Web Feature Posted March 24, 2011
The Making of Let Justice Roll On
A Conversation With Filmmaker Michael Eaton
By Hope McPherson (email@example.com)
Filmmaker Michael Eaton worked with Seattle Pacific University to create the first documentary about an African-American Christian leader in about 60 years.
Because this filmmaker listened when his dad suggested he create a documentary about John M. Perkins, in April 2011, Seattle Pacific University hosts the premiere of Let Justice Roll On: The Life and Legacy of John M. Perkins. A culmination of nearly two years of filming in locations across the country, the documentary was created by filmmaker Michael Eaton, son of Seattle Pacific President Philip Eaton.
Based in Southern California, Eaton has been directing for more than a decade; he says this documentary was one of his favorite kinds on which to work. “My goal is to make movies that engage the hearts and minds of viewers in a profound way about substantive cultural, spiritual, and social issues,” he explains. “I am most passionate about projects like this, and it was such a privilege to work with John Perkins, as well as everyone at SPU, on this project.”
Response asked Eaton for some behind-the-scenes information about this film.
Did you know much about John Perkins before you began filming?
I first heard about Dr. Perkins though my father, SPU President Philip Eaton, in 2004 when the Perkins Center was founded at Seattle Pacific University.
Then, in 2007, near the release of my documentaries Soul Searching and The Case For Christ, Dr. Eaton began discussing with me the possibility of a documentary focusing on the life and legacy of Dr. Perkins.
I read his autobiography, Let Justice Roll Down, in early 2008 and went to see Dr. Perkins speak at an Urban Youth Workers Institute conference at Azusa Pacific University. That’s when I got really excited about the possibility of filming a full-length documentary about the life and legacy of John and Vera Mae Perkins.
Where did you film Let Justice Roll On?
I got the "green light" to film on March 12, 2009, and I began filming in Jackson, Mississippi, a week later, on March 20, 2009.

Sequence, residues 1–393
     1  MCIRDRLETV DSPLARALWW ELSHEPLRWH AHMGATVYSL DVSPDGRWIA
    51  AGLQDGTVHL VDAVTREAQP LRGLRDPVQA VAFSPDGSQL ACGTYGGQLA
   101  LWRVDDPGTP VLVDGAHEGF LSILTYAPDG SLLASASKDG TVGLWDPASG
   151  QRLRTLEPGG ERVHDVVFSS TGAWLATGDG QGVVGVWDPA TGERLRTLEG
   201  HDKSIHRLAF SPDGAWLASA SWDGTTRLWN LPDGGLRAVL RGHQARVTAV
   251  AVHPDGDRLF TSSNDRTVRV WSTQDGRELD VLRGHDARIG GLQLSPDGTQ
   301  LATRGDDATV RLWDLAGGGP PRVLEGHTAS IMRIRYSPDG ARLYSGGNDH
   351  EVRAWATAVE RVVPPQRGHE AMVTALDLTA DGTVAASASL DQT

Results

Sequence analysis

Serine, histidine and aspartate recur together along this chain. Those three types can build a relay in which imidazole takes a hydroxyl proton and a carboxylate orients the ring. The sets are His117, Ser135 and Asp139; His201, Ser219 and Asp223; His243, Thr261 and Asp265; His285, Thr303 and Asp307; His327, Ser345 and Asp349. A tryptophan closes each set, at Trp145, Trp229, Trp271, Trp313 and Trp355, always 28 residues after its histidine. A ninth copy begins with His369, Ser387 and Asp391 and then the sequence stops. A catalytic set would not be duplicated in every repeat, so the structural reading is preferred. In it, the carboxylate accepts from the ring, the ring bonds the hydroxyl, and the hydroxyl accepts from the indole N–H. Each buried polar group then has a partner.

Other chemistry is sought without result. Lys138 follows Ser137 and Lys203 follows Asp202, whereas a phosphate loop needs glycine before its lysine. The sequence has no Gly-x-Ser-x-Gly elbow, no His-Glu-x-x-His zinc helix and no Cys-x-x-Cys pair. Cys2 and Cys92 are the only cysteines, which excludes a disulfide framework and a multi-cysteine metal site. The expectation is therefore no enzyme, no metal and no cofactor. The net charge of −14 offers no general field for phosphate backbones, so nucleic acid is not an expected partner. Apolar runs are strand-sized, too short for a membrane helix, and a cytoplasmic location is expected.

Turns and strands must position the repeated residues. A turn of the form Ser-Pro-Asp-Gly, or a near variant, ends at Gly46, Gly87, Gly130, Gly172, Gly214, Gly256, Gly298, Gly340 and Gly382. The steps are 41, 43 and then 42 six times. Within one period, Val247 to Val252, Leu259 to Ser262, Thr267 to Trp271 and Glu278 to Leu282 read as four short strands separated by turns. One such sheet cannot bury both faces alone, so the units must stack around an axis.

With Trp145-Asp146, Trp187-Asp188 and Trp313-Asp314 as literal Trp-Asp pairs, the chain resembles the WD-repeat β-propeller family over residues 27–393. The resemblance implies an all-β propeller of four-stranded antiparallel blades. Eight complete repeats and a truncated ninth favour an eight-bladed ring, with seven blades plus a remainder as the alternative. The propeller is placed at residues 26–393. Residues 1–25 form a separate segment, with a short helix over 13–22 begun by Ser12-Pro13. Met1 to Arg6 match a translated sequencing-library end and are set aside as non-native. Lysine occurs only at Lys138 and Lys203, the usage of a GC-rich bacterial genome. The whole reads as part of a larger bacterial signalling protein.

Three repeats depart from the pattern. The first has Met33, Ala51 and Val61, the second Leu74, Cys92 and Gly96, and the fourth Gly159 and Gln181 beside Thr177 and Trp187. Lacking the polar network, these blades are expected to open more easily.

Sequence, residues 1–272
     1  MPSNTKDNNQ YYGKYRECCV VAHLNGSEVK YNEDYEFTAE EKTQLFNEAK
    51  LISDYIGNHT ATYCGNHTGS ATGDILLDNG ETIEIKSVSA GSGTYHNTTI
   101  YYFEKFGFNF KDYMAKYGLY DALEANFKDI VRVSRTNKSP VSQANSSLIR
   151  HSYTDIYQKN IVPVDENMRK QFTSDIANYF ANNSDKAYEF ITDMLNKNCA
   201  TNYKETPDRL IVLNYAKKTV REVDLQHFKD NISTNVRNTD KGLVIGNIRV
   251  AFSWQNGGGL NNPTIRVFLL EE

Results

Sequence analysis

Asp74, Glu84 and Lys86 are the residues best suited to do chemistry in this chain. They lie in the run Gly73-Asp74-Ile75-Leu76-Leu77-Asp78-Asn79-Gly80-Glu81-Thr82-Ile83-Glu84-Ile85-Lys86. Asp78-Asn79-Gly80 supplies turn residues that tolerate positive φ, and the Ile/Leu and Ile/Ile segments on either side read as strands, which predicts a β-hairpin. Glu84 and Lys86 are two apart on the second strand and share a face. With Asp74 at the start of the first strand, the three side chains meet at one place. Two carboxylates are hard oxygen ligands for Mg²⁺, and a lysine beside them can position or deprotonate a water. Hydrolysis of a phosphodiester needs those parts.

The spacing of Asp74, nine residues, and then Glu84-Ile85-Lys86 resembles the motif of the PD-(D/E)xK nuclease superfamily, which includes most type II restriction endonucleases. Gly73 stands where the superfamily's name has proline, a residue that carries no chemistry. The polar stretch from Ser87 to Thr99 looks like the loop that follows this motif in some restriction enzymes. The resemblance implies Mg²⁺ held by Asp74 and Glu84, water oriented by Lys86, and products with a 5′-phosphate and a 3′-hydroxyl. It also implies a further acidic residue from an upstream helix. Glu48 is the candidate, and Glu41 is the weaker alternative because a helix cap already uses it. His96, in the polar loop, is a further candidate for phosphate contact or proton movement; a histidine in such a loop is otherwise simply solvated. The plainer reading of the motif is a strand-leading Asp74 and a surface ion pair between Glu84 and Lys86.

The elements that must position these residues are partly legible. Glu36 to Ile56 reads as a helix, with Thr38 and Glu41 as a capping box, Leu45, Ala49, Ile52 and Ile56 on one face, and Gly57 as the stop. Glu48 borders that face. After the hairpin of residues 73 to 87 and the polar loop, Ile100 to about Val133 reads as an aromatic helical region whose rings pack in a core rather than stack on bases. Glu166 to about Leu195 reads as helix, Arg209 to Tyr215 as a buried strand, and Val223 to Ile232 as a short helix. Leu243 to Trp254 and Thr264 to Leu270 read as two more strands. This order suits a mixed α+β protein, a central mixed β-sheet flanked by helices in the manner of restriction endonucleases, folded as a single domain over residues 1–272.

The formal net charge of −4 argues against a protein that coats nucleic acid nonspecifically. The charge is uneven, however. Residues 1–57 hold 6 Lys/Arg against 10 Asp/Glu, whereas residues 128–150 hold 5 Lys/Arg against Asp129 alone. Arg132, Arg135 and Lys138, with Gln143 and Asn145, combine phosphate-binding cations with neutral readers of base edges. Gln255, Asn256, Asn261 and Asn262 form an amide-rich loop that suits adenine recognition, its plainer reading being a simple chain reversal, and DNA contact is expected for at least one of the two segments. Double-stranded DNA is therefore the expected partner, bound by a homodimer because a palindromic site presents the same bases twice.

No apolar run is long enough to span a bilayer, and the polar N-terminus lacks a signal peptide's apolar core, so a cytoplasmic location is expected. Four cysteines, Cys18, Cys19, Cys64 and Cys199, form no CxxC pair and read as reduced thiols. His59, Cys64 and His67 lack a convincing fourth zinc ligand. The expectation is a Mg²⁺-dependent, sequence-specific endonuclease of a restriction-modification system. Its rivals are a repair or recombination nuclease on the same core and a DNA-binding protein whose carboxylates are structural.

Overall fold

In June 2009, I filmed again with Dr. Perkins when he received his 10th honorary doctorate at SPU’s Commencement ceremonies in Seattle. I also filmed in Chicago and in Pasadena, California, where John and Vera Mae Perkins founded the Harambee Center.
After screening the first cut of the movie at the Christian Community Development Association conference in Cincinnati in October 2009, we decided to film the 50th anniversary celebration of the Perkins ministry — which took place in Jackson, Mississippi, in June 2010 — and it would be a wonderful addition to the movie. So Tali Hairston, director of the Perkins Center at SPU, and I went again to Jackson in June to film that event. In December 2010, I completed a “fine cut” of the movie from which to decide on final changes.
How many individuals are included in the documentary, talking about Dr. Perkins and his work?
We ended up with more than a dozen people talking about Dr. Perkins and his legacy. They included former Mississippi Governor William Winter; Hinds County Sheriff Malcolm McMillan; CCDA President Noel Castellanos; Medgar Evers’ brother and former NAACP head Charles Evers; Lawndale Christian Development founder Wayne "Coach" Gordon; Mississippi Mission director of development Dolphus Weary; Mendenhall Ministries executive director Artis Fletcher; Bishop Ronnie C. Crudup Sr.; Elizabeth Perkins; Vera Mae Perkins; SPU’s President Eaton; and director of the Perkins Center at SPU, Tali Hairston. There was a handful of others, as well!
The challenge with this documentary was to convey the impact that Dr. Perkins has had on so many people throughout his ministry not just with words — with people telling us about that impact — but visually, where the viewer sees that impact in action. This film is about the Perkins’ daily interaction with people within their neighborhoods, in their life choices about where to live, and how they serve God. And not just to see it, of course, but to feel it.
Stephen Newby, SPU’s director of University Ministries and the Center for Worship, composed and recorded some fantastic music for the film that works so well with the visuals and with the content. It helps to give the movie the impact that we hope it will have.
Has your view of Dr. Perkins changed over the course of filming?
That's the wonderful thing about documentaries that I just love. I get to go into the life and mind of an individual, or individuals, and develop a relationship. Then I try to tell the story of their life and vision in a thoughtful and intimate way.
It's such a privilege, really, especially with such a great man and mind like Dr. Perkins. Like so many others, my life has been changed and greatly impacted by being in the presence of Dr. Perkins and his vision.
Our goal was to capture his vision not just at this moment in time, but also for all time. Generations from now, the Perkins Center at SPU and the world will have this record — along with Dr. Perkins’ books and other media — of the man and his mind, as well as the story of how God transformed his life and inspired him to develop a profoundly Christian vision for racial reconciliation and community development.